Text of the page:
Dealing with lice certainly isn’t fun, but a school nurse that truly knows his or her stuff will tell you that it is truly not a big deal and can be easily dealt with by combing them out with a fine-toothed comb or by applying a special shampoo and washing your child’s hair.
Lifehacker points out that if your school nurse seems just a little too blasé about your child not feeling well, then that’s a good sign that the principal might want to find another person to fill the position for next year.
A good school nurse will be able to immediately tell if your child isn’t feeling well and their current state of health is going to be a huge distraction if they even try to attempt to power through the rest of their classes and will call their parents ASAP to let them know that they should really pick their son or daughter up early.
Romper adds that it is perfectly all right for parents to side-eye the heck out of the current school nurse if they don’t send their children home with reminders for students and their families to get the flu vaccine the minute flu season officially starts.
A competent school nurse knows that catching the flu is nothing to laugh about and it is really important for people of all ages to make sure that they get the vaccination as soon as humanly possible, because you really don’t want to spend a week or two curled up in bed and feeling like crud warmed up or spread it to others.
Nurse writes that it’s not cool if your child’s school nurse can’t really tell your little one or even you much more than the bare minimum of common childhood illnesses that get passed around schools, summer camps and daycares faster than Barry Allen/The Flash from DC Comics can even run.
School nurses should ideally be a wealth of information about subjects such as the common cold, the flu, sinus infections, etc. and how parents and their children can implement effective preventative measures instead of just reciting something that they obviously memorized off of a brief textbook paragraph or an online dictionary.
I remember when I was in third or fourth grade being irritated because I had to wait for what felt like forever in line when my class was herded into formation for our yearly scoliosis screenings that were performed by our school nurse and I always breathed a sigh of relief when I finally got the whole process over with and was allowed to sit down.
Nurse writes that parents should be aware that another sign of a less-than-competent school nurse is if they don’t appear to bother to organize yearly scoliosis screenings for the students that are currently enrolled in the school.
According to Nurse, it is very important for the school nurse that is currently working at your little one’s school or even at their daycare center to make sure that they send all of the necessary documentation about the students’ vaccination records to the state by the required deadline.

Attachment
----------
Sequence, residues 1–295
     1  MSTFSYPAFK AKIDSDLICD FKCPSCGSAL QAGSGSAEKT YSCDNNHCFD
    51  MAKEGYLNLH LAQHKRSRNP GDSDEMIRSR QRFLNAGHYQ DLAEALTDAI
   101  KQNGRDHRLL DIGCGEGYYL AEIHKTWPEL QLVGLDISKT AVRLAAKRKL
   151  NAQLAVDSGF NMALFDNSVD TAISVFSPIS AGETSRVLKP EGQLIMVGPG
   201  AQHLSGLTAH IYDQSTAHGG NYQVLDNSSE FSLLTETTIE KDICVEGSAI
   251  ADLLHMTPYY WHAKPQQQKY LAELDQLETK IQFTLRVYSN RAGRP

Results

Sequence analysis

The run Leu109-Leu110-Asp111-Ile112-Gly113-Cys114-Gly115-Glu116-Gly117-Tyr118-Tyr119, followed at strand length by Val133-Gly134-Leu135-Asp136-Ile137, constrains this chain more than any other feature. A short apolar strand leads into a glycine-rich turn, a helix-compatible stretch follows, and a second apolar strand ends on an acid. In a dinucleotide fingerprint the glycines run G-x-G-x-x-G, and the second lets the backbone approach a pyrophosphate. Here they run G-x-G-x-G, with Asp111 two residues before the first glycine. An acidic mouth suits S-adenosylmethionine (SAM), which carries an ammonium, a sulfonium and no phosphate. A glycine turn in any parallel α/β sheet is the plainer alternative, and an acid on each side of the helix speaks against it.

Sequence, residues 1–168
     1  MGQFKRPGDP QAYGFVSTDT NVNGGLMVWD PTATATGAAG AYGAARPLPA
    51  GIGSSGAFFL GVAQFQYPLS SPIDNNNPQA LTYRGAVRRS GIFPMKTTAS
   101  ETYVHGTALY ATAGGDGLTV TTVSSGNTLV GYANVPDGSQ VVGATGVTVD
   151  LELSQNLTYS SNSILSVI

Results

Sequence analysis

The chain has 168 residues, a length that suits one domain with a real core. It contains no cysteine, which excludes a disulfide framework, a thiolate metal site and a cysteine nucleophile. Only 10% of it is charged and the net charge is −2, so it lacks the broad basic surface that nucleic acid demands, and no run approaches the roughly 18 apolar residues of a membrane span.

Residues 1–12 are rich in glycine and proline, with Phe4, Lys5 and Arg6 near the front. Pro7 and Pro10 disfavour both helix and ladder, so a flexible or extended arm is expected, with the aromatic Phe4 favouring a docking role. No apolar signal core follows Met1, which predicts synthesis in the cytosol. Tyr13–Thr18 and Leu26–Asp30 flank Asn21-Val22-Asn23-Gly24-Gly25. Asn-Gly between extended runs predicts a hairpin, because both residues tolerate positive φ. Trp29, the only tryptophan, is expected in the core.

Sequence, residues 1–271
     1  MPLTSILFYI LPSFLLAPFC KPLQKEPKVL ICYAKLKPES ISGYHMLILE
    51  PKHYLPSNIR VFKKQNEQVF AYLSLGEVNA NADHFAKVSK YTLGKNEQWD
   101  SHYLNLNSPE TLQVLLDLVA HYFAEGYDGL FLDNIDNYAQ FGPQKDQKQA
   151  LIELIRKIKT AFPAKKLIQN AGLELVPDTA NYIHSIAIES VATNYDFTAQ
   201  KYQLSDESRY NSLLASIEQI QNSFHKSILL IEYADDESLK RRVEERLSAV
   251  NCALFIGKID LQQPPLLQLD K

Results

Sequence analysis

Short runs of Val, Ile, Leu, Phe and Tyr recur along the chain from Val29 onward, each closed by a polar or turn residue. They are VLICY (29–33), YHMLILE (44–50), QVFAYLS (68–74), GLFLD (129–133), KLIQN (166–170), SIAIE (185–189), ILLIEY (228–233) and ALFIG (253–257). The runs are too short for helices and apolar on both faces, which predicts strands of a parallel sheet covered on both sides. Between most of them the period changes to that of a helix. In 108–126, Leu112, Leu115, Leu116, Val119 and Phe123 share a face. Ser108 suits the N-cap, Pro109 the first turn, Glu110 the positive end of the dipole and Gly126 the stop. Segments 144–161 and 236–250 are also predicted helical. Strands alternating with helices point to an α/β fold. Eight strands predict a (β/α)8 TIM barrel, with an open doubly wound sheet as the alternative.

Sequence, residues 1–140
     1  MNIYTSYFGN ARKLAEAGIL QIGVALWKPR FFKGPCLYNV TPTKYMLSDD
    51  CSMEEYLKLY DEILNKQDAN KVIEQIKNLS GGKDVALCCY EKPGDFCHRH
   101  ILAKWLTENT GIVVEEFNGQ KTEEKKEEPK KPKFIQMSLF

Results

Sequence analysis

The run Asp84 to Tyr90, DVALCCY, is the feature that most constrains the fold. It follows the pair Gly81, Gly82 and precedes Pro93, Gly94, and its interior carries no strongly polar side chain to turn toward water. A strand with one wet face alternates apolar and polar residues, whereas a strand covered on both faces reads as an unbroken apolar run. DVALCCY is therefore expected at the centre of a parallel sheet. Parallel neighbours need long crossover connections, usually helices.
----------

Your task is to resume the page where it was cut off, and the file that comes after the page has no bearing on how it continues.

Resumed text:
If your child’s school nurse slacks off on their important duty, it’s not a good sign because that means that the state won’t be able to tell how many children are up-to-date with the required vaccinations and which need to head to their pediatrician’s office with their parents in tow ASAP.
The National Association of School Nurses points out that a good nurse not only should be able to disinfect a minor boo-boo like a student’s scraped knee from rough housing a little too much with his or her friends during recess and send reminders to get one vaccination or another, but they should also be the liaison to the school staff and make sure that they educate their colleagues about common illnesses in children so that the teachers can go to their office ASAP to let them know if they suspect something’s up
A school nurse that is asleep at the wheel as the saying goes won’t tell his or her co-workers what to look for if they suspect that a student has the beginnings of something like a sinus infection or the flu.
I’ve always been grateful for my school nurse that worked at my elementary school because she organized yearly audio and visual screenings. It was at one of these screenings when I was in the fifth grade that she discovered I could have hearing loss and wrote a letter urging my parents to have me evaluated by a professional audiologist. They took this seriously, sent me to an Ear, Nose and Throat doctor that had an audiologist on staff, and what do you know—I have moderate hearing loss in my right ear and was fitted for a hearing aid later on.
Nurse writes that a school nurse that doesn’t place an emphasis on yearly audio and visual screenings and has to be reminded to do so by the principal is one to be avoided, since the professional school nurses would insist on it to make sure that their students don’t wind up falling behind in class due to a fixable issue.